The German government has handed over the remains of indigenous men and women killed during the colonial era. Namibian activists have called on Berlin to apologize for massacring thousands and provide reparations.
The German government on Wednesday handed over human remains of the Herero and Nama indigenous groups from present-day Namibia.
Between 1904 and 1908, German imperial soldiers massacred thousands from both indigenous groups in what has been called the "first genocide of the 20th century."
While the German government has recognized the slaughter of the Herero and Nama groups as a genocide, parliament has not yet followed suit.
No 'legal obligation' to pay
Berlin has also refused to pay reparations. "The German government considers that the use of the term 'genocide' does not entail any legal obligation to reparations, but rather political and moral obligations to heal the wounds. We're sticking to that position," Ruprecht Polenz, the German negotiator in the Namibia talks, told DW two years ago.
Germany argues that hundreds of millions of euros in development aid since it gained in independence in 1990 was "for the benefit of all Namibians."
"We must ensure that after we've reached agreements on damages, recognitions and an apology, there's a future in which the German and Namibian nations join hands and move forward," said Namibian Culture Minister Katrina Hanse-Himarwa in Berlin.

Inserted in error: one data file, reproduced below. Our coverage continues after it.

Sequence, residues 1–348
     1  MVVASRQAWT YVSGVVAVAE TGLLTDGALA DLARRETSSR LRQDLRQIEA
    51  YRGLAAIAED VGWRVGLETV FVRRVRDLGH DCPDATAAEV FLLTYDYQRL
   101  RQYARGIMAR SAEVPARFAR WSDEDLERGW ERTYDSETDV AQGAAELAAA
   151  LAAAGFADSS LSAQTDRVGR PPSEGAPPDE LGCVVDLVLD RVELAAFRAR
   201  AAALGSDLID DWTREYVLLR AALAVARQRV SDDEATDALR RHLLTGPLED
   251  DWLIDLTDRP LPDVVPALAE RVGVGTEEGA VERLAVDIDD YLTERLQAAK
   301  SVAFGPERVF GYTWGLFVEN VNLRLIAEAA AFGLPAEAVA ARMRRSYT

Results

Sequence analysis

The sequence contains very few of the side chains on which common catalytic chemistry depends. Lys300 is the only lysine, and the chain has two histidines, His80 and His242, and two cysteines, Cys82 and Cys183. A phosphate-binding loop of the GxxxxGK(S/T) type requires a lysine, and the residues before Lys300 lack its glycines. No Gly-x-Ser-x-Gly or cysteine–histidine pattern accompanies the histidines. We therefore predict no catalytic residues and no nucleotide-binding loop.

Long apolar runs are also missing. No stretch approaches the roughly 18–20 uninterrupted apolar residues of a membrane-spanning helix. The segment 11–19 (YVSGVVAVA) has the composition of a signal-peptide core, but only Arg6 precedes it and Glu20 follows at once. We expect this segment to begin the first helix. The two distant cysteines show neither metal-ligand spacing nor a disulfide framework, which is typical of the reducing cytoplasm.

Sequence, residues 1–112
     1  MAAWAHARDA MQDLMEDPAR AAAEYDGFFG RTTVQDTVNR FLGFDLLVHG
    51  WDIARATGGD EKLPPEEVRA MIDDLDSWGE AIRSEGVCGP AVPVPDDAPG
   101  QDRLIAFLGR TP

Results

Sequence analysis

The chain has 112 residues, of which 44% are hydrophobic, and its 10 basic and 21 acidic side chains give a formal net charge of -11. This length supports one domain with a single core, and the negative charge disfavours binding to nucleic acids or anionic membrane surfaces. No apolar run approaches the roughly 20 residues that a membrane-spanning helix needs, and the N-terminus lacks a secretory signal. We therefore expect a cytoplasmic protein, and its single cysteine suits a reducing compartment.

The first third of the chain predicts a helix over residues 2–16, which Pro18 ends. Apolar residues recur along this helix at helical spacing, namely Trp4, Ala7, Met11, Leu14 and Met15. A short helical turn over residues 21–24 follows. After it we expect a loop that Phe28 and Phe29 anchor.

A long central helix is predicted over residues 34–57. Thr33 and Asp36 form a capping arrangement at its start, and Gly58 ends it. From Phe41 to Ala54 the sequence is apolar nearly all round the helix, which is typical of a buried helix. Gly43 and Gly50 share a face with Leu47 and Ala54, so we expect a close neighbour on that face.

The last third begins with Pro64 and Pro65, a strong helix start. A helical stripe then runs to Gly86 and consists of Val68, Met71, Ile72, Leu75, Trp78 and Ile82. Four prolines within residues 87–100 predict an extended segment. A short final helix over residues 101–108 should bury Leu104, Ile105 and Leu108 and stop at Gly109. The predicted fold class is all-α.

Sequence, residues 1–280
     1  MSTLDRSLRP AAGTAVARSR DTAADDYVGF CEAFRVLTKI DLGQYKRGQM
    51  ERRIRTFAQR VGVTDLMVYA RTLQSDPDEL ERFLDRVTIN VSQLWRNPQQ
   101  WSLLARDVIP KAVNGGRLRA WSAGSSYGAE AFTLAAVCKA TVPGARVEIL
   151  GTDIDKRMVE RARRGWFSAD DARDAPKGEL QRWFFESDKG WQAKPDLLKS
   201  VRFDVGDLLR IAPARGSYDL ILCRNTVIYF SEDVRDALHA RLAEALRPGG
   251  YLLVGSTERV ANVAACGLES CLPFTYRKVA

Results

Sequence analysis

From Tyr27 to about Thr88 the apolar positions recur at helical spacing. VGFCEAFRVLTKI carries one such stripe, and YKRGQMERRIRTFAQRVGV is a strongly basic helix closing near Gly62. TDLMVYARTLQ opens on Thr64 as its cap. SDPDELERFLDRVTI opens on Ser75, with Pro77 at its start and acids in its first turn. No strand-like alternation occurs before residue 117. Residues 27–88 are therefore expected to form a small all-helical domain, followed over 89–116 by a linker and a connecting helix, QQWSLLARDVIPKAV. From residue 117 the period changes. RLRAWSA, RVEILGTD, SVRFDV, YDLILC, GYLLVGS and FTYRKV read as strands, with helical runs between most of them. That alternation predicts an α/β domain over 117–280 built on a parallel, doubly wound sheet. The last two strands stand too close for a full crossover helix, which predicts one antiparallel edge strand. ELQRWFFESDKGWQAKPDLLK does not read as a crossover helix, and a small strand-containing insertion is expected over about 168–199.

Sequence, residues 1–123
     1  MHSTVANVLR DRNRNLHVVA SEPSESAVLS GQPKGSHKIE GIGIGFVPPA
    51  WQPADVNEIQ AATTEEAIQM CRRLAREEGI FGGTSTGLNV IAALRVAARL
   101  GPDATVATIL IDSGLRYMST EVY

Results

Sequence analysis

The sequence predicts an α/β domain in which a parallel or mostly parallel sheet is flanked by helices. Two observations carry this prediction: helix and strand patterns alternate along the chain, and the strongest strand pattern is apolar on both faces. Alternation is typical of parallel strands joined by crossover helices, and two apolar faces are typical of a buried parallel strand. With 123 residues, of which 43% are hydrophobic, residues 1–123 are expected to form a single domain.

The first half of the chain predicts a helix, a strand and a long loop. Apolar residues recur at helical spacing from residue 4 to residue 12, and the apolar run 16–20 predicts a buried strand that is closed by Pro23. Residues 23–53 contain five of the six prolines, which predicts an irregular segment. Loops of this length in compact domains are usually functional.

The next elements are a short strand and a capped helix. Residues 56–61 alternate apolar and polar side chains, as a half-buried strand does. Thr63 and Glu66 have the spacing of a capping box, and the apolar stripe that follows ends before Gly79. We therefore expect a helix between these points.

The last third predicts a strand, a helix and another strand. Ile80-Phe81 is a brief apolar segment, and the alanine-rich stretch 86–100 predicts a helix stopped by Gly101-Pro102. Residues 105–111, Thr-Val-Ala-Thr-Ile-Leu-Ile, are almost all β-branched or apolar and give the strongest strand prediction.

Michelle Müntefering, a junior minister for international cultural policies in Germany's foreign ministry, said Berlin still has "a lot of catching up in coming to terms with our colonial heritage."
"We want help to heal the wounds from the atrocities committed by German at the time," said Müntefering. Germany and Namibia are currently in talks to determine how to move forward.
Members of both ethnic groups have filed a class action lawsuit in the US, demanding Germany pay reparations for the massacre. But Berlin is trying to have the case thrown out of court, citing state immunity from prosecution.